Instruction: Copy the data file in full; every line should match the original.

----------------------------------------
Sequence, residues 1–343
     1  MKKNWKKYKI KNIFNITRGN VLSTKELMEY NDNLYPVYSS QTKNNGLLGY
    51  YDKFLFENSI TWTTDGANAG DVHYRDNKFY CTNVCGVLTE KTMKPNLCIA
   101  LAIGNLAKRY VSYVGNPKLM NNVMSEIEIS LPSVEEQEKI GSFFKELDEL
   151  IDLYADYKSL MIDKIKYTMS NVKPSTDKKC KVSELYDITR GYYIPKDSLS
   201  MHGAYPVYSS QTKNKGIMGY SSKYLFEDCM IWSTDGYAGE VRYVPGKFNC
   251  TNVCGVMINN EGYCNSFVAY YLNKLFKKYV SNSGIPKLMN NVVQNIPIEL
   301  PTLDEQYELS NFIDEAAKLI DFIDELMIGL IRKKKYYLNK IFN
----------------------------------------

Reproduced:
Sequence, residues 1–343
     1  MKKNWKKYKI KNIFNITRGN VLSTKELMEY NDNLYPVYSS QTKNNGLLGY
    51  YDKFLFENSI TWTTDGANAG DVHYRDNKFY CTNVCGVLTE KTMKPNLCIA
   101  LAIGNLAKRY VSYVGNPKLM NNVMSEIEIS LPSVEEQEKI GSFFKELDEL
   151  IDLYADYKSL MIDKIKYTMS NVKPSTDKKC KVSELYDITR GYYIPKDSLS
   201  MHGAYPVYSS QTKNKGIMGY SSKYLFEDCM IWSTDGYAGE VRYVPGKFNC
   251  TNVCGVMINN EGYCNSFVAY YLNKLFKKYV SNSGIPKLMN NVVQNIPIEL
   301  PTLDEQYELS NFIDEAAKLI DFIDELMIGL IRKKKYYLNK IFN